Natures wonders: bacteria can spear amoebas (Introduction)

by David Turell @, Wednesday, August 30, 2017, 17:20 (746 days ago) @ dhw


dhw: your all-powerful God’s primary purpose was to produce the human brain, and that’s why he preprogrammed or dabbled the higgledy-piggledy bush, so that he would be able to take his time over producing the one thing he really wanted to produce. And you find that logical.

Perfectly logical to me, if He wanted to take time for the evolution to evolve. It fits he history.

DAVID: We have no proof that survivability is a major issue due to population density, as you imply. Density is only an issue since WWII when we are displacing animal habitats.

I do not imply population density at all! Where did you get that from?

From your statement: " more and more new organisms came on the scene"


dhw:Once and for all: bacteria have survived, so NO further evolution was necessary for survivability. Multicellularity happened, and then there were new ways of exploiting the environment, new threats to survival, new means of surviving those threats…etc.

DAVID: See my comment re population density. Survival of the fittest is an unproven conjecture.

dhw: So how do you explain extinction, if not through the “conjecture” that extinct organisms were unable to cope with conditions at the time, whereas the survivors did cope?

Raup stated extinctions were almost always due to bad luck, not adapting quickly enough.

DAVID: I agree that major adaptations of the kind you describe are innovations. I use 'adaptation' as minor alterations of existing species, and major 'innovations' as speciation. Just semantics.

dhw: It’s not just semantics. You are confirming the point I keep trying to make: if major adaptations are innovations that lead to speciation, the SAME mechanism may be responsible for minor adaptations AND for innovations. You seem to accept minor adaptations as autonomous (i.e. without your God’s intervention), but you think your God must preprogramme or dabble major adaptations. That is why the dividing line is important. To put it in concrete terms, if finches can autonomously change the size and shape of their beaks, why shouldn’t pre-whales autonomously change the structure of their legs, or monarchs autonomously organize their migration, or weaverbirds autonomously design their own nests? The (perhaps God-given) mechanism I am referring to is, of course, cellular intelligence.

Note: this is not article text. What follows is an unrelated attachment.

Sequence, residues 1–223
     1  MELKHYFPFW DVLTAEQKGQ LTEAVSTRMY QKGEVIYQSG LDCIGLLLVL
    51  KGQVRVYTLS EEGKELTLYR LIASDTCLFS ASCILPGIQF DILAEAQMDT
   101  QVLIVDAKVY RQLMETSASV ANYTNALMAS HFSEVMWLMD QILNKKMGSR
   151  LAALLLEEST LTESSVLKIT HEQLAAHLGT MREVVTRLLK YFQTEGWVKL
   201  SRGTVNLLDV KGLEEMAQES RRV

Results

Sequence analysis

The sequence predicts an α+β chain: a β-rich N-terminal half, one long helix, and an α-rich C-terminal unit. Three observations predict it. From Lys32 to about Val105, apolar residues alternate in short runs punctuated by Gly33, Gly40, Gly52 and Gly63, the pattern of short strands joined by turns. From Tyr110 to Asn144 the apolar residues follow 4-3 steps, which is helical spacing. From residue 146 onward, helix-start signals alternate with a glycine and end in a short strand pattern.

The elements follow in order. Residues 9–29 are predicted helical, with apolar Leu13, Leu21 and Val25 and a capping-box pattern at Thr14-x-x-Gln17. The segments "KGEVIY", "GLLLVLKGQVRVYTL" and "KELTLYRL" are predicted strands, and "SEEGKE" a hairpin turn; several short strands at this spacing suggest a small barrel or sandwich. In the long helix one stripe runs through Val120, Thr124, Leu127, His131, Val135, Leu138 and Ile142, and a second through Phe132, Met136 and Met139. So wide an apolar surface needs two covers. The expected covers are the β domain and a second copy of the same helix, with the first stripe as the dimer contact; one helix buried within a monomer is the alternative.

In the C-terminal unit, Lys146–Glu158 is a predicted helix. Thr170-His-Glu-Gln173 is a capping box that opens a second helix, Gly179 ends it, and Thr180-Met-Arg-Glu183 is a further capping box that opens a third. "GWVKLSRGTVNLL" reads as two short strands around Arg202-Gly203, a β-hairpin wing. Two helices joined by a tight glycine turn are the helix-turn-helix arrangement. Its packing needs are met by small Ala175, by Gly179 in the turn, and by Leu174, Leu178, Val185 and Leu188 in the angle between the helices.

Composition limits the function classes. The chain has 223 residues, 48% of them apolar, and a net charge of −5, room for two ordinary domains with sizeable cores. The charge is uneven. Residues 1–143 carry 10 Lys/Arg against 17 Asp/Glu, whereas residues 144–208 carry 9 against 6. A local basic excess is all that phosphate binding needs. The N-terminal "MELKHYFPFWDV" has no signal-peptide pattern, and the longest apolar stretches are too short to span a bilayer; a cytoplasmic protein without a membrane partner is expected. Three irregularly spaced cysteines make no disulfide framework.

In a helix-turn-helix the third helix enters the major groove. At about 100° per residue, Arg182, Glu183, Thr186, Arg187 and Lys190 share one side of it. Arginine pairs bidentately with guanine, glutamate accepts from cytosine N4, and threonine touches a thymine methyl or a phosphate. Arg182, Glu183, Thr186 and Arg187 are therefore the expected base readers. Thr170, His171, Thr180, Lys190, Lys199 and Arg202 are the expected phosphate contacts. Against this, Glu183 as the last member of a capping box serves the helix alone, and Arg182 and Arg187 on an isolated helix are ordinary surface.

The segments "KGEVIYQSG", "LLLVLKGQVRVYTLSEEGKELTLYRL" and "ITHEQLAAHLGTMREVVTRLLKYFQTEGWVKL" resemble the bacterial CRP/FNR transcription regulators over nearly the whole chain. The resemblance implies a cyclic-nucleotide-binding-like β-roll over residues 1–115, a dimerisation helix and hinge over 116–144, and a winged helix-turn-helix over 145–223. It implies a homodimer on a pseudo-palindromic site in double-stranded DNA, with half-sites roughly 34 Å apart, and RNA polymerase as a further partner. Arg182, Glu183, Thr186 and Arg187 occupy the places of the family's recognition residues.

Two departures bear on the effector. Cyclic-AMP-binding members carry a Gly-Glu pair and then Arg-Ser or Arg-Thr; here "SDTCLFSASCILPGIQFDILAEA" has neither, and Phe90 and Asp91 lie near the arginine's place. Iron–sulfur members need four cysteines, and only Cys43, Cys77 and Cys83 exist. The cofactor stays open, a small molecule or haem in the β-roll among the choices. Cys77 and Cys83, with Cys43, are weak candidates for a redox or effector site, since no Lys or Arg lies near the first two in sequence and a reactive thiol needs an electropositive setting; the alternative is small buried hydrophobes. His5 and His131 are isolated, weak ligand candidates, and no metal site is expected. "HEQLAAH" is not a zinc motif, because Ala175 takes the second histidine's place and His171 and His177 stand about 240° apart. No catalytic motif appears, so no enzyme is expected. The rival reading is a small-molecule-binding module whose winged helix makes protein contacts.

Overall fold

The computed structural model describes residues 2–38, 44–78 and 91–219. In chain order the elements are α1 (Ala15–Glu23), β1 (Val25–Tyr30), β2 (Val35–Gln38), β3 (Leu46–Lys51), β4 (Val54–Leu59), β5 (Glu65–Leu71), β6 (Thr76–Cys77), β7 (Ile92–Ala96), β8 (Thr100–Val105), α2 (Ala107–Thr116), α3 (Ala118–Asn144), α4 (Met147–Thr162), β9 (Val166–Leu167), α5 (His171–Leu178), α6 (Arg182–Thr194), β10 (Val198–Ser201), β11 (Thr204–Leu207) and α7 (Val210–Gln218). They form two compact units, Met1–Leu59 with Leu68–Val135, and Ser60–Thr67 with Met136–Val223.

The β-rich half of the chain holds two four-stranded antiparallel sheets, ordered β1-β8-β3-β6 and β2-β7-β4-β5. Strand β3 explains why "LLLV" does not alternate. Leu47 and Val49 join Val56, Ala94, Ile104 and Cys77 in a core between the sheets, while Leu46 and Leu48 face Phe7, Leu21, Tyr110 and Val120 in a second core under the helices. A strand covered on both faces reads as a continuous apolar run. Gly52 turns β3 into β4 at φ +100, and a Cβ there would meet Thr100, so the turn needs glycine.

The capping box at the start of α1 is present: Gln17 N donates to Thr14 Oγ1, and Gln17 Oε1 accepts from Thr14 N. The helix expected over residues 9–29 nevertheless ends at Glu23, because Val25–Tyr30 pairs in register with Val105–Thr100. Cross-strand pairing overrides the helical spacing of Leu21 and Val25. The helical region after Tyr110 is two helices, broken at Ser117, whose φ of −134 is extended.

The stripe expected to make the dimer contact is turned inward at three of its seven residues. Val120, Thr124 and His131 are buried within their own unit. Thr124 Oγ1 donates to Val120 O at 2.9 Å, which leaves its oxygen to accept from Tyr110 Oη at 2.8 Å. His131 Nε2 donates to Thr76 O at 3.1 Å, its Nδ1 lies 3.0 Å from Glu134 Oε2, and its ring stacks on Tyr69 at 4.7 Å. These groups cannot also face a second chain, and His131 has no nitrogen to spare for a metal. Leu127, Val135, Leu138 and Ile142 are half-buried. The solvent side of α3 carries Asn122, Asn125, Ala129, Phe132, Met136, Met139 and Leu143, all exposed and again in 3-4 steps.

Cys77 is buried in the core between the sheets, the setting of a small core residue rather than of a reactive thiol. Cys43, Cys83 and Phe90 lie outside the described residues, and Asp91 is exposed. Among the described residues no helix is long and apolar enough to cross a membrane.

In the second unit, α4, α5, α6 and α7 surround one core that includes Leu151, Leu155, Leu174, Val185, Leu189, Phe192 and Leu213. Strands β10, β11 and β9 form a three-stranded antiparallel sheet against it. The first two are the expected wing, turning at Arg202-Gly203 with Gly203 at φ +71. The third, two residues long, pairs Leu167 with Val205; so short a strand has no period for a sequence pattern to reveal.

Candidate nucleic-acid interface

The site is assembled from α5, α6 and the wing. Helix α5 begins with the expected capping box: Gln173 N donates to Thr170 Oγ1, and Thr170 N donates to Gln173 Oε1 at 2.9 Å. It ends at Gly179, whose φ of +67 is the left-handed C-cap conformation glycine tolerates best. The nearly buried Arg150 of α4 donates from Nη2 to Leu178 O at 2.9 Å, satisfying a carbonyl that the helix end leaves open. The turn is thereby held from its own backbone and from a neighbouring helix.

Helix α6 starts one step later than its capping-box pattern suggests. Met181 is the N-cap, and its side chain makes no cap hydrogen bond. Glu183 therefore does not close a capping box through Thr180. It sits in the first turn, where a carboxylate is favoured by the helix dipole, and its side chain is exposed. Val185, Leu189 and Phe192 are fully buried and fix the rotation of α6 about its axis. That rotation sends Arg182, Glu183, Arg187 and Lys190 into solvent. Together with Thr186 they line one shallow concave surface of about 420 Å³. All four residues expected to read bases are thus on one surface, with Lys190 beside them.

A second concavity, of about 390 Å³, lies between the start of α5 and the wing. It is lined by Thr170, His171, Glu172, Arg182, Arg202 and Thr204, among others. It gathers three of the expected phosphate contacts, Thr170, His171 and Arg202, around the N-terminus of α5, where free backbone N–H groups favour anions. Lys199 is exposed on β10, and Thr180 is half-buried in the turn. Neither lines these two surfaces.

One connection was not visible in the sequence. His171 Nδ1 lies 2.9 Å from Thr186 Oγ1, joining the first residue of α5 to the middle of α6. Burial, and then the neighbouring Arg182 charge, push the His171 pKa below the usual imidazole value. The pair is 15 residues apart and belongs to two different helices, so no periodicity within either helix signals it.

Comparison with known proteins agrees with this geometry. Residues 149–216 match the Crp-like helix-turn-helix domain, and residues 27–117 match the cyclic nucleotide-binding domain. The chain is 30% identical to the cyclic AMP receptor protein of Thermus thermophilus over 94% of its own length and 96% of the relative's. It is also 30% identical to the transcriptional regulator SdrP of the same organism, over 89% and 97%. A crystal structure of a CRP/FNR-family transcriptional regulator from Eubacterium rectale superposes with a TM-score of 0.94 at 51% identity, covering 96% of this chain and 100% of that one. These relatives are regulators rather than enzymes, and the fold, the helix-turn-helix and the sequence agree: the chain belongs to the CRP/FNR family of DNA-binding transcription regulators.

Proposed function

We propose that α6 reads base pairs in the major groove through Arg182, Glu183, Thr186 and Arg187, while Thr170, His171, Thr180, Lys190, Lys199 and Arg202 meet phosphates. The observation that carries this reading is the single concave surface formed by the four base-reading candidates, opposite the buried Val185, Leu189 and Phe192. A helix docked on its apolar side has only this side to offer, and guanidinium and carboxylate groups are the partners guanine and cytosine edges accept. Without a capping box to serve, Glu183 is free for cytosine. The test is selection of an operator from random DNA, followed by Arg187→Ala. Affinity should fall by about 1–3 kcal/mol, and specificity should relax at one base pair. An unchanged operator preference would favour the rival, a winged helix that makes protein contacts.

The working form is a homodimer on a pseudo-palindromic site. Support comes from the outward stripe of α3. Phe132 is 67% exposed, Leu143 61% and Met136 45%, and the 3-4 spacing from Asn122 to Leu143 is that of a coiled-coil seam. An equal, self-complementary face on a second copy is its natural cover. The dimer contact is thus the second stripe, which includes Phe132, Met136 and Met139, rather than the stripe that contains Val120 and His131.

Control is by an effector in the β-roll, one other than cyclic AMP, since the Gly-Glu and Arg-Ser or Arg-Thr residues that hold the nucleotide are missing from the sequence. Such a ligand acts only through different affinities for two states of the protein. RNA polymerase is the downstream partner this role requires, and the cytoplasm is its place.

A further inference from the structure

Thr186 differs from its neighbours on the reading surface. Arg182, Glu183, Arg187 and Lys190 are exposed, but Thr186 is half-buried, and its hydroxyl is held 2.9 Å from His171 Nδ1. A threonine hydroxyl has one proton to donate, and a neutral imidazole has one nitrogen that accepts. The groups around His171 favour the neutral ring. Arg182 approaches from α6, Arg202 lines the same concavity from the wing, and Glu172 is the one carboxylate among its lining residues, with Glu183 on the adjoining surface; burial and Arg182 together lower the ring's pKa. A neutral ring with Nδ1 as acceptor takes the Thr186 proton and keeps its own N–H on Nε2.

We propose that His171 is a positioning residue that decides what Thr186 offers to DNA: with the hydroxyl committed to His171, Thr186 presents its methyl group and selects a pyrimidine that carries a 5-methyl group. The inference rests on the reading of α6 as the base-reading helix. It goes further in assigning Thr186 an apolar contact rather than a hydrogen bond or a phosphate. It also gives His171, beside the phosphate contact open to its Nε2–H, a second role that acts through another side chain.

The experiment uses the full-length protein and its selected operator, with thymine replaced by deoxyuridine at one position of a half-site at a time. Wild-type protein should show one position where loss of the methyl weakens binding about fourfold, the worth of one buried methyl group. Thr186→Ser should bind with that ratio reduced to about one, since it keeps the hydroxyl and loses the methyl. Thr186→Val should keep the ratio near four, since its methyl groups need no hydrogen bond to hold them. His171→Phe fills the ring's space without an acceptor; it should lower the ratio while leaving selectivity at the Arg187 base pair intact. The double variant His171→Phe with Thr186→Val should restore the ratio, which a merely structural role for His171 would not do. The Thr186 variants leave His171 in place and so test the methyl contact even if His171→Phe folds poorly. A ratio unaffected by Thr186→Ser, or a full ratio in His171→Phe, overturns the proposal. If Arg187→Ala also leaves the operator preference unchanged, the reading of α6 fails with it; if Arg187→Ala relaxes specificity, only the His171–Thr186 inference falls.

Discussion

The beaks are within a species variation according to recent genetic research and simple epigenetics. Changing a hoofed leg to a flipper is a major reorganization of the anatomy with many muscle and bony changes, well beyond what we know about speciation. All the fossil evidence is of gaps and sudden appearance of major alterations. We do not understand this. You want cells to visualize the outcome and do it all at once. I say the only logical way is by a designing mind arranging for it by careful planning.


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